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Death and Design Part 2: Workshopping End of Life Interventions

Published on: Author: Naomi Richards Leave a comment

This blog was written by Prof. Bruce Tharp who is a visiting Fulbright scholar with the Glasgow School of Art and the Glasgow End of Life Studies Group. Two distinct but complimentary communities met in downtown Glasgow on May 26th 2022 for a second fruitful collaboration: Death and Design: Workshopping End of Life Interventions. Bringing crucial… Continue reading

The continuing relevance of total pain in the 21st Century: Call for contributors

Published on: Author: Marian Krawczyk 1 Comment

The recent Lancet Commission into the Value of Death reports endemic suffering at the end of life in both global North and South countries and calls for the further expansion of holistic philosophies and practices of end of life care. Here at the End of Life Studies Group, we believe that one way to do… Continue reading

‘Total Pain’, Extinction, and the End of the World

Published on: Author: josephwood2 Leave a comment

‘Total Pain’ as the Pain of a Lifetime This post looks at Cicely Saunders’ influential term ‘total pain’ in terms of endings and limits. ‘Total pain’ articulates how pain for someone whose life is ending is a whole overwhelming experience which combines physical, psychological, social and spiritual elements. My own PhD project looks at how… Continue reading

Dying and death in “unprecedented” times: The role of learning

Published on: Author: Marian Krawczyk Leave a comment

The world stopped making sense when my sister died. She wasn’t supposed to die young, with a small child, most of her life still to be lived – it was an unprecedented event.  In order to try and find meaning to my inchoate grief, I began to explore others’ stories and experiences with dying and… Continue reading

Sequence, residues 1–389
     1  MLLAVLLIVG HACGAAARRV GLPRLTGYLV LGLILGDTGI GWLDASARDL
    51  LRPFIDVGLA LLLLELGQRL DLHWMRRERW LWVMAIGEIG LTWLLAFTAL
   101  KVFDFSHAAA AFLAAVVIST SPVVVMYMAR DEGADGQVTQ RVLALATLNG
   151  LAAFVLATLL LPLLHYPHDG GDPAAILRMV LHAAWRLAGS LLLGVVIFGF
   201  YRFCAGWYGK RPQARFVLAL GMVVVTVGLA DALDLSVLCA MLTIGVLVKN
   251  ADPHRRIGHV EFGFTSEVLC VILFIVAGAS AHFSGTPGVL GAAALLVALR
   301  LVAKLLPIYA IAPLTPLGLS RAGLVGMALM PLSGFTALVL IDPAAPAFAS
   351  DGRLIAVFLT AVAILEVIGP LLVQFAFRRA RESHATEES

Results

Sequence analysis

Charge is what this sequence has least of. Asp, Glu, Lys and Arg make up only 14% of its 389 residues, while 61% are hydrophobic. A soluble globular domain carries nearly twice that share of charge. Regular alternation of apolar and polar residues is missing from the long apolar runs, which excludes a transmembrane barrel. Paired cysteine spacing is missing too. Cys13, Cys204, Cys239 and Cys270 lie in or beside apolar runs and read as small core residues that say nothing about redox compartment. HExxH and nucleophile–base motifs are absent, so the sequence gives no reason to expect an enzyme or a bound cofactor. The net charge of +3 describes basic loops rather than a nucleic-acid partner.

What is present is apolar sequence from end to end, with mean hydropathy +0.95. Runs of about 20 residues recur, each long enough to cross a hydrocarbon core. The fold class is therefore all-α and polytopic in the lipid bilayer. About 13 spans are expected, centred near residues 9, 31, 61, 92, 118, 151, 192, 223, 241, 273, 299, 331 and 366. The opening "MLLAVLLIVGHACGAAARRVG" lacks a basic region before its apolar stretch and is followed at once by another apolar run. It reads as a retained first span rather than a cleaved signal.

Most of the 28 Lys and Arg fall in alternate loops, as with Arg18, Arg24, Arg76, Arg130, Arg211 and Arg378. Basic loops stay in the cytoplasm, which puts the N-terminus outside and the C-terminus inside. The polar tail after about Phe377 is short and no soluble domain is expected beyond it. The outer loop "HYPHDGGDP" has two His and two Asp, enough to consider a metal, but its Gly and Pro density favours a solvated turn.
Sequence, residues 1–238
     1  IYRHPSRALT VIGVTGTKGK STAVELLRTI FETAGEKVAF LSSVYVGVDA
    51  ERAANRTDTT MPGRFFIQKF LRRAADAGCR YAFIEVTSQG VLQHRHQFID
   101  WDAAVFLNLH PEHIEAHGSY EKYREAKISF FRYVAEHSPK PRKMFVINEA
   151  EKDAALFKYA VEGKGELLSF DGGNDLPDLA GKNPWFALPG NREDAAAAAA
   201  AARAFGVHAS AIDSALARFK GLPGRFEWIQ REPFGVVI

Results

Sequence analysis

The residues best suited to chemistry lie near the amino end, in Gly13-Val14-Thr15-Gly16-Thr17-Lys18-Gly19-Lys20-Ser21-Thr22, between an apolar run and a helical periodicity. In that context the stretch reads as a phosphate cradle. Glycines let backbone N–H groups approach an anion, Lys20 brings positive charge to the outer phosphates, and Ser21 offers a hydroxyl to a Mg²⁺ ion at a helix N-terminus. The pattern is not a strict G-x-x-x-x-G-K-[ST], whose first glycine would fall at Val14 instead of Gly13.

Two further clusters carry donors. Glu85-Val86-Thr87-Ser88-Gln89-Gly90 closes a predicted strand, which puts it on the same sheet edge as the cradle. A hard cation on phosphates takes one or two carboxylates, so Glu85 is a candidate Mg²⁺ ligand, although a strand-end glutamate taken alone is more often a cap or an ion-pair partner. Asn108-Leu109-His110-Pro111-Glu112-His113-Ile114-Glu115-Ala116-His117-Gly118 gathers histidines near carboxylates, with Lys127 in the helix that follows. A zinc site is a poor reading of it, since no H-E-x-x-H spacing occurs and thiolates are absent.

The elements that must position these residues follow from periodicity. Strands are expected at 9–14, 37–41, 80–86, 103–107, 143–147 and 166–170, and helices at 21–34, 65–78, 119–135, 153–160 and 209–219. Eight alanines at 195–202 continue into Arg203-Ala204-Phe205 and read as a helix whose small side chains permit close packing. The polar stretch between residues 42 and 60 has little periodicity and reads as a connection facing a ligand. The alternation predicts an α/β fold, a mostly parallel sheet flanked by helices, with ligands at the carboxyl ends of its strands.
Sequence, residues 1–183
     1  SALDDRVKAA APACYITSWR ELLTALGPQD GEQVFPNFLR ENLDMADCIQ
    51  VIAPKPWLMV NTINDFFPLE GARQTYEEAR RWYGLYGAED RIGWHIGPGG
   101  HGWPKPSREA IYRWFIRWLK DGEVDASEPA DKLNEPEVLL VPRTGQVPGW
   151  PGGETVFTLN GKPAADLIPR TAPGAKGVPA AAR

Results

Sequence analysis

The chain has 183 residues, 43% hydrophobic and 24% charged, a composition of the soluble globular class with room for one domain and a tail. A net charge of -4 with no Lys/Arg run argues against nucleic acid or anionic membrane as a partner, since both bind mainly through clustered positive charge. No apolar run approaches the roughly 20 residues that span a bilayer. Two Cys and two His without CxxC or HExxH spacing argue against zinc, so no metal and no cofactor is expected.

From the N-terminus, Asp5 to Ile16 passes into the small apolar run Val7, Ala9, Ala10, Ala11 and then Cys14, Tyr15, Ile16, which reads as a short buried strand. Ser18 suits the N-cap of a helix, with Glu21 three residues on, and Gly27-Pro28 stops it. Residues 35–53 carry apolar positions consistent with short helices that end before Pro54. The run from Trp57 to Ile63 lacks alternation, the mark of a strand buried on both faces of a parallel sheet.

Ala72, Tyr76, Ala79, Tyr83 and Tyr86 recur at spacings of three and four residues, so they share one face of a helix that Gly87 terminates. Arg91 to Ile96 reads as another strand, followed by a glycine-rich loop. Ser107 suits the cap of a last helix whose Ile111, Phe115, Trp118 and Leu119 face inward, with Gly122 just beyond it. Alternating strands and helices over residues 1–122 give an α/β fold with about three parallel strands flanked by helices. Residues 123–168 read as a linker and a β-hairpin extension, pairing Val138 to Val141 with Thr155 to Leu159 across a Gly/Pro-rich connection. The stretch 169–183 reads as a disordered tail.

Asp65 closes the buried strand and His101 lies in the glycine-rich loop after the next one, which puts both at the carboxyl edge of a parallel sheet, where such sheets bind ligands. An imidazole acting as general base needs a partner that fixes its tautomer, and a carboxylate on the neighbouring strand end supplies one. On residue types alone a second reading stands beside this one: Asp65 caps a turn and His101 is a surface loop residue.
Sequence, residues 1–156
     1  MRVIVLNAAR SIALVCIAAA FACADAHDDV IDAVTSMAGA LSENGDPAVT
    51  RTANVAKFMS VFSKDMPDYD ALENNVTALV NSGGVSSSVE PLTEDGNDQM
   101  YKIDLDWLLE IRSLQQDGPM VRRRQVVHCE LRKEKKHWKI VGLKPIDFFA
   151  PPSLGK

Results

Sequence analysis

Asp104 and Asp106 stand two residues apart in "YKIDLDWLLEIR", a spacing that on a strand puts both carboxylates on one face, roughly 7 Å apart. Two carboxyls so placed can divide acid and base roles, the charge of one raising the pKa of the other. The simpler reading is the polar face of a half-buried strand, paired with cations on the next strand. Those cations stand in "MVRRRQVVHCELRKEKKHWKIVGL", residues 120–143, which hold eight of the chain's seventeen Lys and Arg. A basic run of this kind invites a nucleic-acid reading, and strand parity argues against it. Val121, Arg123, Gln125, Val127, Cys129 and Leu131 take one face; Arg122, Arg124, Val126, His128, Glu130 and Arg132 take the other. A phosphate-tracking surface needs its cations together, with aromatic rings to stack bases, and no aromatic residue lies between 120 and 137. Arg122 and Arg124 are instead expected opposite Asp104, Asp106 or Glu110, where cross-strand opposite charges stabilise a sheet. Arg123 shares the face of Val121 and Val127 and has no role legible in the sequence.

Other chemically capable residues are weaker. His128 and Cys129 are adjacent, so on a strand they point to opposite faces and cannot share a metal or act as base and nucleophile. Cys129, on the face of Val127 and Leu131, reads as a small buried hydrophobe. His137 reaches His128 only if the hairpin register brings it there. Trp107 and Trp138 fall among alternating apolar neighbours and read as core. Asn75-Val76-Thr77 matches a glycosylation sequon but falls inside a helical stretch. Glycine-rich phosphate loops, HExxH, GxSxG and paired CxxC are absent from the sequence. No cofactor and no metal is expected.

The Global Spread of Death Cafés

Published on: Author: Naomi Richards 1 Comment

Before the COVID-19 pandemic disrupted conventional thinking around death and dying, Death Cafés around the world were encouraging people to reflect on their mortality. Death Cafés are informal social spaces where strangers meet to ‘have a conversation’ about death and dying. They can be organised by anyone, anywhere in the world. With death rates now… Continue reading

The role of online Death Cafes during Covid-19 crisis

Published on: Author: Solveiga Zibaite 2 Comments

Until Death Café meetings moved from cafes, libraries, community centres, cemeteries, etc. to the online sphere due to social distancing measures, it had not occurred to me to specify that my PhD thesis is about face to face Death Café meetings. Online Death Cafés were an exception, not the rule when I conducted my fieldwork… Continue reading

In these strange times…

Published on: Author: josephwood2 2 Comments

Coronavirus is changing the way we live in a way that is repeatedly said to be unprecedented. We say we are living through strange times, extraordinary times, difficult times. For some of us lucky enough to be able to work from home time might be stretching out in lockdown into an endless series of Thursday… Continue reading

Confusion and misinformation about assisted dying

Published on: Author: larsjohanmaterstvedt 1 Comment

Even at The Lancet When it comes to assisted dying, even one of the world’s leading medical journals can get caught out. It’s curious in this age of ‘precision medicine’, that leading commentators and thought leaders in the medical field can still struggle with crucial terms and definitions about assisted dying. Whatever your views on… Continue reading